Black Marines on Way to Congressional Medals

Special to the NNPA from the Jacksonville Free | 11/9/2011, 10:50 p.m.
History books and Hollywood have chronicled the Army's Buffalo Soldiers and the Army Air Corps'...
Retired U.S. Marines that trained at Montford Point join Cong. Brown, an advocate for their recognition on the steps of the U.S. Capitol in D.C. (L-R) Lt. Col. Joseph Carpenter, Sgt. Earl Evans, SSgt. Eugene Groves, Cong. Corrine Brown, and GySgt. Ruben .

In 1941, President Franklin D. Roosevelt ordered the Marine Corps to accept blacks. The Marine Corps was the last military branch to do so.

The black Marines received their basic training adjacent to Camp Lejeune in North Carolina, where conditions were harsh and the treatment from their fellow Marines could be even harsher. The black Marines were not allowed to enter Camp Lejeune unless accompanied by a white officer. In the few times they participated in training exercises, they could not eat until the white Marines had finished. They were routinely passed over for promotions.

About 19,000 men trained at Montford Point between 1942 and 1949. Most have since died. Eugene Groves, a staff sergeant who fought in Korea, was one of four Montford Point veterans on hand for the vote Tuesday. The lawmakers gave the four a standing ovation shortly before the vote.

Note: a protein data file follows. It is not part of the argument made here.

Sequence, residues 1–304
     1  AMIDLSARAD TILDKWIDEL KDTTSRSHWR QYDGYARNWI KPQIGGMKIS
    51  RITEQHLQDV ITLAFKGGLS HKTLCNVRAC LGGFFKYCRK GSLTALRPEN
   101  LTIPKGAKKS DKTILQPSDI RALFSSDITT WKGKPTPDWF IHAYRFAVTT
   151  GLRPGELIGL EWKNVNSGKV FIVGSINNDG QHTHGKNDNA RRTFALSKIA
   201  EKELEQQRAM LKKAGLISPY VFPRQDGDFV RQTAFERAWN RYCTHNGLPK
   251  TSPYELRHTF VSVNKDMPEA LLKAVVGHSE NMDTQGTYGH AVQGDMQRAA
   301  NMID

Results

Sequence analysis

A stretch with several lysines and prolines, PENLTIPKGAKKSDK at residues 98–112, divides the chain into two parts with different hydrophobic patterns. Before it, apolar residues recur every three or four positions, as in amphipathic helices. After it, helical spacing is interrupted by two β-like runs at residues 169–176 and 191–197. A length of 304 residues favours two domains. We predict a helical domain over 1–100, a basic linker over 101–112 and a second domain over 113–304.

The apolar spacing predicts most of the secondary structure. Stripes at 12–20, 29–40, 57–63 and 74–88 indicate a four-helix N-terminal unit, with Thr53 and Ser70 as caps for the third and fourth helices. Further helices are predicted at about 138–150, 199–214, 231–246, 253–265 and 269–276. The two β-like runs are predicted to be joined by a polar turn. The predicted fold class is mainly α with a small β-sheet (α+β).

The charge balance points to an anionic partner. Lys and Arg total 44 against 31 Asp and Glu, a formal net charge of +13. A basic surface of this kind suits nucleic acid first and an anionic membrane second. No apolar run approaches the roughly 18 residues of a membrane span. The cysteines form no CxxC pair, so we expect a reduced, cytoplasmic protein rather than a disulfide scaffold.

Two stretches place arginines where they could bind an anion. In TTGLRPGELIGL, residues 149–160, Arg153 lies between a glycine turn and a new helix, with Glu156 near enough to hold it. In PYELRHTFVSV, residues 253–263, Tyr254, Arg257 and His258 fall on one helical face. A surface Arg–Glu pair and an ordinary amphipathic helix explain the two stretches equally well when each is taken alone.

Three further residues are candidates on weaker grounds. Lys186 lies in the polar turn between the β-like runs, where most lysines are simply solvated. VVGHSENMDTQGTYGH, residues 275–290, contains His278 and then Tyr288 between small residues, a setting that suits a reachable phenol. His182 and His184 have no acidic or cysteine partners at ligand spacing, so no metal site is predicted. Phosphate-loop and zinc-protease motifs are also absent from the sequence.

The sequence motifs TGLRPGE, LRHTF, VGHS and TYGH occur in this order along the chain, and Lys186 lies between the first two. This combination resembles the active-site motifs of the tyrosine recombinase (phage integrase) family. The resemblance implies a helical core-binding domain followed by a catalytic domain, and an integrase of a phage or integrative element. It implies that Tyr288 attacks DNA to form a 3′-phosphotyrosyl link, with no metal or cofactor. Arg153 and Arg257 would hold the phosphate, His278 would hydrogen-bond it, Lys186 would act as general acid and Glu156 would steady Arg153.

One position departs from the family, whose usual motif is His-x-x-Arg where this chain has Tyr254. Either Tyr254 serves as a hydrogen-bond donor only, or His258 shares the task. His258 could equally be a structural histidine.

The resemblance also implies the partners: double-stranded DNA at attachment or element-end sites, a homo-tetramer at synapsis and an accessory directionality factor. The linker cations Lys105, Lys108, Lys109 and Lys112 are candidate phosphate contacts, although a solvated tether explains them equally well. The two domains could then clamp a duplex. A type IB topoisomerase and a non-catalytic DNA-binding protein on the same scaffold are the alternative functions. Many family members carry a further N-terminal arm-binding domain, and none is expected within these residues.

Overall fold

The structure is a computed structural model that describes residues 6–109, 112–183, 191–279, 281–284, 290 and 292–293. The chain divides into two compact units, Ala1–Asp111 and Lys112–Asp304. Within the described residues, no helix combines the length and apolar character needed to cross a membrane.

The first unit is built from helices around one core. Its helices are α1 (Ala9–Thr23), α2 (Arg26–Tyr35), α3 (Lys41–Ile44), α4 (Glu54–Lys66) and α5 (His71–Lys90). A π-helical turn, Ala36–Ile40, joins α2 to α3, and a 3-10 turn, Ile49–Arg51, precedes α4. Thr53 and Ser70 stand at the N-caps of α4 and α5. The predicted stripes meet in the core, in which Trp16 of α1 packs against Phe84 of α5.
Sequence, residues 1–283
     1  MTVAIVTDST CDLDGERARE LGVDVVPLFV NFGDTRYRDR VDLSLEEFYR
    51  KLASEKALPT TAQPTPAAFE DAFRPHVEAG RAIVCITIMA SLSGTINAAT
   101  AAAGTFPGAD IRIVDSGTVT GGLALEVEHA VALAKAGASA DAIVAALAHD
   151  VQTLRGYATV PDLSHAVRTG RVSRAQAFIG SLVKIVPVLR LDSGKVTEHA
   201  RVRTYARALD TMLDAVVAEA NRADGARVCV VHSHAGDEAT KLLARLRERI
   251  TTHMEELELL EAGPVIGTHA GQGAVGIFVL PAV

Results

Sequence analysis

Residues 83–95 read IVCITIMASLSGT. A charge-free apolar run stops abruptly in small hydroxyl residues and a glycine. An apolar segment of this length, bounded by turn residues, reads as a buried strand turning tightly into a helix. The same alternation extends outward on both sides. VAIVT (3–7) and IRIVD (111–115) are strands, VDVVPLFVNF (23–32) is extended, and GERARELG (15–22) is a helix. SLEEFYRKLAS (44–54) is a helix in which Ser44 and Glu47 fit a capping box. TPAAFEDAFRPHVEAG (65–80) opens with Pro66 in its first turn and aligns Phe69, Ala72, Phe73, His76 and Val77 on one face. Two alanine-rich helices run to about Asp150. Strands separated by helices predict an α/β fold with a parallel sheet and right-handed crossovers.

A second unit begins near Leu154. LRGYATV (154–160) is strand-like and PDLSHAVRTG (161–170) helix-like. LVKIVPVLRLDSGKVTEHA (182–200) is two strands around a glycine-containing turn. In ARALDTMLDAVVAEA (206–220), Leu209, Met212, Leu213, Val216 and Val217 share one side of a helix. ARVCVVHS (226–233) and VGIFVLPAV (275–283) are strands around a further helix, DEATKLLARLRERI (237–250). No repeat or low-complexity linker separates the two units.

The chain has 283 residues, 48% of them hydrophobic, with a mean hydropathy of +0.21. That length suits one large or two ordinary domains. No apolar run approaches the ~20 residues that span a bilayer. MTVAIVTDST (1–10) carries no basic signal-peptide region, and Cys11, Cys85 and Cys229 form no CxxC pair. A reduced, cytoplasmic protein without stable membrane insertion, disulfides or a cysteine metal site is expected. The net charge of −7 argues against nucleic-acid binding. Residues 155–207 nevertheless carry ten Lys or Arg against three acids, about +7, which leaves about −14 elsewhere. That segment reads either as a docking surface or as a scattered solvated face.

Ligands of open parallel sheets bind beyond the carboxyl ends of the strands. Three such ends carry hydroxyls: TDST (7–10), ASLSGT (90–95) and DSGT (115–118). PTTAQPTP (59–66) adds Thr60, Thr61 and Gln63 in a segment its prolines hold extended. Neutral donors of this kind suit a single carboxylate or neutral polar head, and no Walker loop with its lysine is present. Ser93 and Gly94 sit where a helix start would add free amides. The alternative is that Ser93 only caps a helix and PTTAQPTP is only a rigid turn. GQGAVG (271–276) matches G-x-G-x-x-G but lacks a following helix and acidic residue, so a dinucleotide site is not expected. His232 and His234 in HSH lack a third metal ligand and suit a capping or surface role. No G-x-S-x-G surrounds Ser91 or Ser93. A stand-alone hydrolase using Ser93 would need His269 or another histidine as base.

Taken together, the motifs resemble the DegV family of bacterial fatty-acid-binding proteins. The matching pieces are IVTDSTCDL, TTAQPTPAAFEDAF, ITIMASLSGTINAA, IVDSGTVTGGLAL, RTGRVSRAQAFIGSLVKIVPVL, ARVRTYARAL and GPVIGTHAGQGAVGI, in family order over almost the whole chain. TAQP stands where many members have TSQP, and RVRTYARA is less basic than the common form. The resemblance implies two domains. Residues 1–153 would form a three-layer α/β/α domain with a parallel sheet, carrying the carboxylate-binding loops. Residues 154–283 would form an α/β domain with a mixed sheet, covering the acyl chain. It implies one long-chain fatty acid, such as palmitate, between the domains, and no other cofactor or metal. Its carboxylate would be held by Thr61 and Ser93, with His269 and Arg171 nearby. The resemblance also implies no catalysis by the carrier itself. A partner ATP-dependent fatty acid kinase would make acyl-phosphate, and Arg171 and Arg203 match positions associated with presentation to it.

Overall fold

Groves, who trained at Montford Point in 1946, said he appreciated the recognition. He served in the Korean War and said he felt for a time like the Marine Corps did not want to acknowledge the Montford Marines service.

"They did not want us involved in the history," Groves said. "It's been a hard fight."

More than 300 lawmakers were co-sponsors of the legislation, providing Republicans and Democrats with a rare moment of bipartisanship. Lawmakers from both parties spoke in favor of the resolution.

"This is a proud victory for the Montford Point Marines, as this Gold Medal will forever anchor their role in the history of our nation's great military." said Cong. Brown.